From Wikipedia, the free encyclopedia. For other uses, see Superhero disambiguation. This article has multiple issues. Please help improve it or discuss these issues on the talk page. Learn how and when to remove these template messages. This article possibly contains original research. Please improve it by verifying the claims made and adding inline citations. Statements consisting only of original research should be removed.
March Learn how and when to remove this template message. This article may be unbalanced towards certain viewpoints. Please improve the article by adding information on neglected viewpoints, or discuss the issue on the talk page. LGBT themes in comics. List of LGBT characters in comics.
Superhero fiction portal Speculative fiction portal. Archived from the original on November 14, Archived PDF from the original on November 19, In the process of defeating the Super-Skrull, Dr.
Storm sacrifices his own life to protect the Fantastic Four from a Skrull booby trap. Reed and Sue's relationship progresses, with the two of them deciding to get married. The wedding is the event of the century, with several of New York City 's preeminent superheroes in attendance. Johnny's girlfriend, the Inhuman elementalist Crystal , joins the team, taking over Susan's roster spot.
Susan's cosmic ray irradiated blood cells serve as an obstacle for her in carrying the unborn child to term. Effectively utilizing the device, the baby is safely delivered and is named Franklin , in memory of Susan and Johnny's father. Seeking to use the boy's talents for his own sadistic purposes, Annihilus triggers a premature full release of Franklin's latent abilities, which were already in the process of gradual emergence. Fearing that his son could release enough psionic energy to eliminate all life on Earth, Reed shuts down Franklin's mind.
Angry with Reed for not seeking her input in the matter, Susan leaves the Fantastic Four and has a marital separation from Reed. Susan eventually becomes pregnant for a second time. However, this second child is stillborn due to Susan having been exposed to radiation inside the Negative Zone. As Malice, Susan attacks her friends and family in the Fantastic Four, utilizing her abilities at power levels she had never displayed previously.
Reed saves Susan by forcing her to hate him legitimately. Susan is profoundly affected by the entire episode, and changes her code name from "Invisible Girl" to "Invisible Woman". During the Infinity War , Susan faces off against Malice, who has reemerged in her subconscious. Susan absorbs Malice into her own consciousness. Subsequently, Susan's personality is influenced by Malice, causing her to become more aggressive in battle, even creating invisible razor-like force fields she uses to slice enemies.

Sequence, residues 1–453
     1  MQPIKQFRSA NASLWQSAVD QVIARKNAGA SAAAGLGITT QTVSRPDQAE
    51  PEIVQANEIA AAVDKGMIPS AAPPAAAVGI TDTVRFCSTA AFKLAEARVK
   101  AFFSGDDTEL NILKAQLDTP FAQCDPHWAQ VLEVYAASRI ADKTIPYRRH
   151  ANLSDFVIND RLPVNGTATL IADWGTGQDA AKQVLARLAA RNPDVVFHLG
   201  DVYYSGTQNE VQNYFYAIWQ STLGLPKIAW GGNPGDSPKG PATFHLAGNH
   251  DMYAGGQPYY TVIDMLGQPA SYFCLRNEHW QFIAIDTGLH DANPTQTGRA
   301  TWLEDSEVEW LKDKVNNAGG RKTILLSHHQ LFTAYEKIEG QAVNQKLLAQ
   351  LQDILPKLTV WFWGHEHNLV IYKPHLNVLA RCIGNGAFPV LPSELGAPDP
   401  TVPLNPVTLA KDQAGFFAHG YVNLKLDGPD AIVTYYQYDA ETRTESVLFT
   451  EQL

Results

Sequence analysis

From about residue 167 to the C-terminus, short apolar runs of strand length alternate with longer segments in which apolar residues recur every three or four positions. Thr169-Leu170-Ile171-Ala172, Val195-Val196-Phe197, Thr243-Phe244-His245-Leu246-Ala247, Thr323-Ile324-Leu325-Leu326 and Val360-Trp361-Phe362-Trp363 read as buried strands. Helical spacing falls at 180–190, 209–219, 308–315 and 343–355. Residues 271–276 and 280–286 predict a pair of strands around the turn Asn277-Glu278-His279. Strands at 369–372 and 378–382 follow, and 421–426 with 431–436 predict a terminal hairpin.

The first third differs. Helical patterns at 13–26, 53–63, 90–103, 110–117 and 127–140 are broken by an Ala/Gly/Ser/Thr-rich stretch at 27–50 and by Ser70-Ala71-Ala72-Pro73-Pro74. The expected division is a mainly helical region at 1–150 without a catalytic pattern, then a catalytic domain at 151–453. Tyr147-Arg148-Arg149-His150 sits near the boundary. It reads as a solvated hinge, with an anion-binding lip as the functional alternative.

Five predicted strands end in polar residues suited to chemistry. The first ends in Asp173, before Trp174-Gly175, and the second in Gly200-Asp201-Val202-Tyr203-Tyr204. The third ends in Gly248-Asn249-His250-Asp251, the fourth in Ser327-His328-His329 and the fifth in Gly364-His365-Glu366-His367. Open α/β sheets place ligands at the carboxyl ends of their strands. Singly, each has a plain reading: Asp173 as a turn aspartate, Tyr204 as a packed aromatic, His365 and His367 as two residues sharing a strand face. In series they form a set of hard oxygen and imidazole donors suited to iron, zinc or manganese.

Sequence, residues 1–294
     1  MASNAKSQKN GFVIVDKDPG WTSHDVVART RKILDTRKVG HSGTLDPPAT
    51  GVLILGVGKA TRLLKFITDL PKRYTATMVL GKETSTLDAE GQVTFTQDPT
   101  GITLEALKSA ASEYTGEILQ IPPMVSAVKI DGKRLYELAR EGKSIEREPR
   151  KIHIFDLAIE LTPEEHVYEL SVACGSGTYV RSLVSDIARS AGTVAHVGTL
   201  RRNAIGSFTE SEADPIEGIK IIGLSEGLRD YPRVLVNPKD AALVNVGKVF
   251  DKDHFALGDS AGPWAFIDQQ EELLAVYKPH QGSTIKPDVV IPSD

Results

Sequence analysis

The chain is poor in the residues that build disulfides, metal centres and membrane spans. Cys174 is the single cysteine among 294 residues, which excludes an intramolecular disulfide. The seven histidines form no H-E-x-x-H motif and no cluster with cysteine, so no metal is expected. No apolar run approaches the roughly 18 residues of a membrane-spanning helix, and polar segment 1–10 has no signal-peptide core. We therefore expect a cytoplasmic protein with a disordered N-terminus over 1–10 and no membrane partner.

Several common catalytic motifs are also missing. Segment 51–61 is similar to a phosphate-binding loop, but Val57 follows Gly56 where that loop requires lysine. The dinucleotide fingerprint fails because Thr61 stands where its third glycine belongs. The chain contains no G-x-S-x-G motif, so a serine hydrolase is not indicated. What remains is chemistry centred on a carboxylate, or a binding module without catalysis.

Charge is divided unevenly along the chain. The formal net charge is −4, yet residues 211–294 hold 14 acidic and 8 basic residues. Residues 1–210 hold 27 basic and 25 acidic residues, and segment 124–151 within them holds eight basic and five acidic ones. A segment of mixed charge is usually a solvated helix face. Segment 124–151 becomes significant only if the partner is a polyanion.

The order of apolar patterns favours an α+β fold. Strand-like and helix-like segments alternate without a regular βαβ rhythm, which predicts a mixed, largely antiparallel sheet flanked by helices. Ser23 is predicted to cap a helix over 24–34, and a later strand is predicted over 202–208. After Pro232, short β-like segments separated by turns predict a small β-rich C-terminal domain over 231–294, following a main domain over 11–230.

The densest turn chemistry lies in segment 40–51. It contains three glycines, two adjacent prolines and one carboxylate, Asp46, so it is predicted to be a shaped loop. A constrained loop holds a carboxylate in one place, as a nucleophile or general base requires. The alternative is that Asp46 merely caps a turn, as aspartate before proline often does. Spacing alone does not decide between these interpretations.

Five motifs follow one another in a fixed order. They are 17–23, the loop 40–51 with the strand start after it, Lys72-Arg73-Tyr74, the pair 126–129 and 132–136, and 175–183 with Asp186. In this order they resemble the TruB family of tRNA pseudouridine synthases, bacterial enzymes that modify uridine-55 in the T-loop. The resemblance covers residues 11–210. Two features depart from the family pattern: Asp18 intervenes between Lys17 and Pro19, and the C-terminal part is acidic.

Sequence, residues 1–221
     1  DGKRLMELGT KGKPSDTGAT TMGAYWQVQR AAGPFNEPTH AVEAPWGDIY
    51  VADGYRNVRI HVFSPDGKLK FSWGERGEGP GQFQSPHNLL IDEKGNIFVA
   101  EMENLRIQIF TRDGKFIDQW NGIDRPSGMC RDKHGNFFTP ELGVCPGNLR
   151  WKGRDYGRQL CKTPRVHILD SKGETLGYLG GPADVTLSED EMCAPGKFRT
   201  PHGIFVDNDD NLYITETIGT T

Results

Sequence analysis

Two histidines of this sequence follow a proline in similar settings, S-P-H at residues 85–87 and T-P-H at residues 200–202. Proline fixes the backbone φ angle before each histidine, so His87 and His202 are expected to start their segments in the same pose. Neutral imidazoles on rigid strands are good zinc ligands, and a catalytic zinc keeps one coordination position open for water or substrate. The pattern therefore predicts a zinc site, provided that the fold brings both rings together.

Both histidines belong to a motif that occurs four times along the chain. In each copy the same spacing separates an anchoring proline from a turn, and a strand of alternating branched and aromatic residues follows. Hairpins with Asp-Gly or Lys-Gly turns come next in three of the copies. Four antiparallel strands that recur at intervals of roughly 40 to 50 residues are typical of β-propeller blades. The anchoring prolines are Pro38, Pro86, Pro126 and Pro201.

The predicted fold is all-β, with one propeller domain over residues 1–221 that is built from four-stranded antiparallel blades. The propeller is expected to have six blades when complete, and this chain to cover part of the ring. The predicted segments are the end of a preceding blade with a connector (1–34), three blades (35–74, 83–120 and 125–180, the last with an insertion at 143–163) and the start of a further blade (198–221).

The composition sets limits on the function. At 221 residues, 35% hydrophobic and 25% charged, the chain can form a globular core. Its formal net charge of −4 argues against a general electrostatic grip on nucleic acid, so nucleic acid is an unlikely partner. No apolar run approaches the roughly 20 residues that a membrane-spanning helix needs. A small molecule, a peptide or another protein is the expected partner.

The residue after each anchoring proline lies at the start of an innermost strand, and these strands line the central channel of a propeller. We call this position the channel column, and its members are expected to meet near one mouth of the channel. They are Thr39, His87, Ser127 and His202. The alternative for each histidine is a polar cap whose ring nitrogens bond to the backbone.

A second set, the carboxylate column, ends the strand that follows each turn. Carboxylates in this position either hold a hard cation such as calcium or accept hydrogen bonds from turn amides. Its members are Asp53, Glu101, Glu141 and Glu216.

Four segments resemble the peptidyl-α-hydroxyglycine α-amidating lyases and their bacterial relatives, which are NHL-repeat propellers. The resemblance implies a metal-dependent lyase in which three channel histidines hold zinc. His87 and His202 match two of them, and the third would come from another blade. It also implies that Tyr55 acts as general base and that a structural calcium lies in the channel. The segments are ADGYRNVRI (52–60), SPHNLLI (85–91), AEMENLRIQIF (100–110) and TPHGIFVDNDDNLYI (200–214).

Her son Franklin, who has traveled forward and back in time, becomes the adult hero Psi-Lord , frees his mother, and absorbs the influence of Malice into himself. He eventually defeats Malice by projecting her into the mind of the Dark Raider , an insane alternate universe counterpart of Reed Richards who later dies in the Negative Zone.
After the apparent death of Reed, Susan becomes a capable leader. Susan keeps searching for Reed, feeling he is still alive, despite romantic advances from her old flame, Namor the Sub-Mariner. The Fantastic Four eventually rescue the time-displaced Reed, who finds himself temporarily losing confidence in his leadership skills, since Susan is also a capable leader. This new Marvel Girl came from an alternate future, where she was the child of Susan and Doctor Doom.
Susan eventually comes to accept the young girl as a friend. During a conflict with Abraxas , Franklin reveals that he used his abilities to save Susan's original stillborn child and place it in another alternate future.
After the ordeal involving Abraxas, Marvel Girl is restored to a baby again inside Susan's womb. Susan again has a difficult birthing. Due to the help of Doctor Doom, Susan gives birth to a healthy baby girl, which Doom names Valeria, his price for helping Sue. Doom places a spell on the baby, which makes her his familiar spirit , to be used against the Fantastic Four. The Fantastic Four wrestle Valeria free from Doom's control and defeat him.